Explore New Musical Terrain: As you become a more serious listener, you will need material that repays your attention, music in which to invest precious moments of your life. A probable and welcome side effect is that your tastes may broaden. One thing that’s helped me enormously over the years has been to get interested in historical styles and historical performers (especially from the era before I was old enough to buy records). Look for the paths less traveled and get on them.
Favor Naturally Recorded Styles: Unfortunately, contemporary pop music is rarely well-recorded. Excessive equalization and compression kill music by turning it shrill, starving it of tone color, and sucking the drama out of it. Look into other genres (jazz, classical) and eras (before everything got Pro Tooled to death). Again, historical recordings are among the most potent: The golden age of analog recording technology ran from the late 1950s, when stereo recording kicked in, to the early 1980s, before the dark age of early digital. Contemporary digital can be quite good depending on who does what with it.
Share with Friends (and Strangers): This will be hard for some of you—as a matter of fact, it’s often hard for me—but your ability to listen will improve if you communicate with other listeners, even if you mostly listen alone. Share person to person, on the phone, via email or chat. They all work. I never come home from a great concert without emailing my friends about it, often before I’ve gone to bed. A second step would be to listen with other people — concert going provides the ideal excuse. Even one-way communication, like the reader reviews on Amazon, can enrich your listening life, not only at the basic consumer-guide level, but by offering perspective, suggesting new ways to listen.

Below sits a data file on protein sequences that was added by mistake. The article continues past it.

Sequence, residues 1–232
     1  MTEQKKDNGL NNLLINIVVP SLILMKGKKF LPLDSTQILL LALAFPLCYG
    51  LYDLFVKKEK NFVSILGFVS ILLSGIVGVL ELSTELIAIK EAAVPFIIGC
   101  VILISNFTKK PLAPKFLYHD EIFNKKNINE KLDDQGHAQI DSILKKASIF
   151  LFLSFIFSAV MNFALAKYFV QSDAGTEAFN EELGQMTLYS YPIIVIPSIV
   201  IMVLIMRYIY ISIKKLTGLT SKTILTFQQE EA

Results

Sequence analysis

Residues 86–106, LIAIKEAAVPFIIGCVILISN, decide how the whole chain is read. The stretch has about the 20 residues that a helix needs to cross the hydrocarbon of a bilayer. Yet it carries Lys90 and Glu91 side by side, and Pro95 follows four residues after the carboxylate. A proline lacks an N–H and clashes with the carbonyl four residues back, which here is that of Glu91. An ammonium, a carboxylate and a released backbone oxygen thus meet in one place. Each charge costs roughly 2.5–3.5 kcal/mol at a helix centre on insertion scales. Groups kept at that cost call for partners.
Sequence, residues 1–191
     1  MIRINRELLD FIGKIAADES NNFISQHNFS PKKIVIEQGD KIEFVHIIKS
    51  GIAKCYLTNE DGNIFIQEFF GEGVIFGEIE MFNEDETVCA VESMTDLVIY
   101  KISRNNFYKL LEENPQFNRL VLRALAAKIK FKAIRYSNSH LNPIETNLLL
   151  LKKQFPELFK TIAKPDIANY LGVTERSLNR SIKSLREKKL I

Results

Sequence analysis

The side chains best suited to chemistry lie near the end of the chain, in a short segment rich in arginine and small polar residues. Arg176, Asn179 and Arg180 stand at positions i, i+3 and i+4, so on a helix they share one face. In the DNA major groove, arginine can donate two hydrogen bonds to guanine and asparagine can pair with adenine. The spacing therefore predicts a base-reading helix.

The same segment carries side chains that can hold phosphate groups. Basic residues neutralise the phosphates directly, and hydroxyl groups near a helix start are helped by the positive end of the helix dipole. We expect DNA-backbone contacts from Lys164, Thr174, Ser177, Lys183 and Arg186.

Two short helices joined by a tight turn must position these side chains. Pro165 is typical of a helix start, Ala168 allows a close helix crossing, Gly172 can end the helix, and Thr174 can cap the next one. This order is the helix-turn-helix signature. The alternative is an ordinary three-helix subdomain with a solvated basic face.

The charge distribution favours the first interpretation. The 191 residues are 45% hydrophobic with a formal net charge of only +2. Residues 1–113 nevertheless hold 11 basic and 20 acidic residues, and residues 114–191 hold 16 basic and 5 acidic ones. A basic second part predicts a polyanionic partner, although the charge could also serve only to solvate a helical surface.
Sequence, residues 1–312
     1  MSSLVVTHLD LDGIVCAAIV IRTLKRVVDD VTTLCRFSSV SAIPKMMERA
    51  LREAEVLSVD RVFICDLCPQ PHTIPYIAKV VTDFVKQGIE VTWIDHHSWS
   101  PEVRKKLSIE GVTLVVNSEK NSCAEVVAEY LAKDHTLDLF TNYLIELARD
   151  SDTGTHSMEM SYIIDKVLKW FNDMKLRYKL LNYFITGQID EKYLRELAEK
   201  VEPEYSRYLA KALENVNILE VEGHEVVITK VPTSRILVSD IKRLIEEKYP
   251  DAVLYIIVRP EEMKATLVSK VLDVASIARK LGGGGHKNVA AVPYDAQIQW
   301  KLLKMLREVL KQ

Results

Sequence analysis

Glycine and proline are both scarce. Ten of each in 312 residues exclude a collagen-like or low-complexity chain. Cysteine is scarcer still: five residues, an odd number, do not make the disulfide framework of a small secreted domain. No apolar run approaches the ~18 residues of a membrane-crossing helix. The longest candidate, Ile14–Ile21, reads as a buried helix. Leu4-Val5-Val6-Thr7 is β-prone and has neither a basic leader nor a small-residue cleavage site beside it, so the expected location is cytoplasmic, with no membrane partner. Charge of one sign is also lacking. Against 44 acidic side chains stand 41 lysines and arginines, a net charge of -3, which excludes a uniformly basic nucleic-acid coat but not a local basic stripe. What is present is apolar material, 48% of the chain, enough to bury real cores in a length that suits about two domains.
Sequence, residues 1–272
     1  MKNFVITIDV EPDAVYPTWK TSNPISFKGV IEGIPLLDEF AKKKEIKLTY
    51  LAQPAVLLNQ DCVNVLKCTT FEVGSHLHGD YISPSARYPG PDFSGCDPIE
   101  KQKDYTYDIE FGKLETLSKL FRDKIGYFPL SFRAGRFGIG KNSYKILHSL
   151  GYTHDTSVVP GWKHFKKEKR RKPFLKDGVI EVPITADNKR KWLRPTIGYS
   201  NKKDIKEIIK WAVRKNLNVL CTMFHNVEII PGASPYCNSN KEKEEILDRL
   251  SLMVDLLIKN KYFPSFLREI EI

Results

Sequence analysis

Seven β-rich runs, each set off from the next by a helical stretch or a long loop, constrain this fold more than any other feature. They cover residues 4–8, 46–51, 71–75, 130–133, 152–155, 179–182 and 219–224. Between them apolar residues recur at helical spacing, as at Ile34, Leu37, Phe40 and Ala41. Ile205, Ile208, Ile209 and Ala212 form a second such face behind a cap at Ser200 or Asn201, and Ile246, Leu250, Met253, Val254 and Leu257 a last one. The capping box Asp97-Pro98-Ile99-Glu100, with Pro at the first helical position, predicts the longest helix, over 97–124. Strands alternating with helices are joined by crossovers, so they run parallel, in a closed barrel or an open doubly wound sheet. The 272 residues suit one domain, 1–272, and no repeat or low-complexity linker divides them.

Use Gift Giving to Expand Your Circle: When I find something I like, I give it to all of my closest relatives at Christmastime. If you don’t celebrate Christmas, there are always birthdays. By sharing music with your family, you create a common frame of reference and more opportunities to talk about music with people about whom presumably you care.
Listen to Music, Not Just Sound: This is a cautionary note to audiophiles, budding or otherwise. It’s a sad irony that some of the people who spend the most on their systems forget about music. In doing so, they undermine the quality of their listening. And finally:
Turn Down the Lights: This old bit of audiophile wisdom really works! The less brain processing power you devote to sight, the more you’ll have for music. That’s why blind people have such keen hearing. It’s also why some surround systems that seem great for movies fall down on music, when visual sensory input decreases. If you don’t have at least one low-watt ambient lamp in your listening room, get one. Do not use overhead lights at all. And if you find your eyes drawn to front-panel displays, dim them or turn them off. Happy and healthy listening to you. I hope I’ve changed your life. If you can think of anything I’ve missed, tell me.
The views expressed here are solely those of the author and do not reflect the beliefs of Digital Trends.